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January 2013 Precipitation Summary
State of Hawaii
MONTH: January 2013
PREPARED: February 6, 2013
Note: This summary uses the arithmetic mean, or average, for “normal” rainfall values.
State: [Text data table for rain gages]
Several weather systems during the month of January helped bring above average rainfall to portions of the State of Hawaii and some drought relief. The month started with a weak cold front moving over the west half of the state before stalling over Maui County on January 2 and 3. The stalled frontal cloud band brought enhanced showers to the windward slopes from Kauai to Maui with some of the rainfall reaching the leeward areas. Strong and at times locally damaging trade winds followed the cold front from January 4 through 7, and then weakened to the moderate to fresh range from January 8 through 11. Showers embedded in the trades kept the windward slopes rather wet. Daily totals in several spots were in the 1 to 2 inch range with a few upslope locations having totals of 6 to 9 inches. Rainfall was distributed well in time so there were no reports of significant flooding problems.
Another weak cold front reached the island chain in mid-January. The heaviest rainfall in this event occurred within a pre-frontal convergence shower band that moved over Kauai late on January 13, progressed eastward, and then stalled over the Big Island early on January 15. Several event totals hit the 1 to 2 inch range but there were no reports of flooding.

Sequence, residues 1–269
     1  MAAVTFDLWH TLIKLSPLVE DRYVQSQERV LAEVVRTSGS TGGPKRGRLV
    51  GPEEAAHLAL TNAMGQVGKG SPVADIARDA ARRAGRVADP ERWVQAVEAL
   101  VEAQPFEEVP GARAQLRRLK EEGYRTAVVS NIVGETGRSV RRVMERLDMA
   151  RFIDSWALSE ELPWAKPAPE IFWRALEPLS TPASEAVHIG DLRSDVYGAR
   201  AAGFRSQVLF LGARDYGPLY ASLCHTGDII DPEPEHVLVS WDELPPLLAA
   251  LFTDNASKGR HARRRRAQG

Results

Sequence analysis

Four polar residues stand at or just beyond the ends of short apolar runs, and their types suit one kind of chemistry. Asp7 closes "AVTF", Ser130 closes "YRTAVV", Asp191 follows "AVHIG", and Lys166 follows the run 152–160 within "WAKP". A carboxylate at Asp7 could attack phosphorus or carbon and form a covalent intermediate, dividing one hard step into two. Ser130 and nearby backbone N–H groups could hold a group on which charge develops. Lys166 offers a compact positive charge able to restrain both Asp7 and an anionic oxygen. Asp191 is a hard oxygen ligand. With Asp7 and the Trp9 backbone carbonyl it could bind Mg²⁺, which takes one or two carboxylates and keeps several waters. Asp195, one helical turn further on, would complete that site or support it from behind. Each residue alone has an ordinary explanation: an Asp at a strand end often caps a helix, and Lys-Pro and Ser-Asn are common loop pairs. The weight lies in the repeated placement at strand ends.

The last week of the January brought the most significant rain event of the month to the islands. This weather system involved yet another weak cold front but it did have much better upper level support which helped increase the instability of the airmass. A rain band associated with the cold front moved over Kauai from the west during the morning of January 27. A second round of heavy rainfall hit the southeast coast of the island during the early afternoon hours and flooding forced the closure of Kuai Road in Poipu. Event totals on Kauai were mostly in the 1 to 2 inch range with the highest amount of 4.19 inches coming from the Poipu gage. As the weather system shifted eastward, a pre-frontal convergence rain band moved over Oahu with heavy rainfall during the afternoon hours of January 27. Some of the most intense rainfall cores in the band had rain rates in excess of 4 inches per hour. The main cold front rain band brought a second round of heavy rainfall to Oahu a few hours later. Rainfall with rates as high as 2 to 3 inches per hour combined with the saturated ground from the earlier batch of rain resulted in flash flooding in several areas. Flood impacts on Oahu, which included road closures and property damage, occurred in Waianae, Nanakuli, Mililani, Wahiawa, Hauula, and Kaaawa. Many of the 24-hour (8 AM HST January 27 to 8 AM HST January 28) rain totals on Oahu were in the 2 to 4 inch range. Punaluu Stream had the highest 24-hour total of 5.61 inches. Molokai was next in line for heavy rain though intensities lessened somewhat. Showers mainly affected the west half of the island during the night of January 27 causing minor flooding but no reports of damage. Maui took its turn on the morning of January 28 as persistent moderate to heavy showers developed along the northeast-facing slopes. The heaviest showers occurred over the lower slopes of the West Maui Mountains from Wailuku to Kahakuloa. Flash flooding occurred along Kahekili Highway and damaged a business in Wailuku town. The Big Island was left out of the heavy rain picture as the frontal system weakened and stalled over Maui County. Most of the Big Island rainfall totals were less than an inch with the highest amount of 1.46 inches coming from the Kapapala gage in the Kau District. While the amounts were relatively small, the rainfall did bring a bit of relief to some of the drought-plagued leeward areas.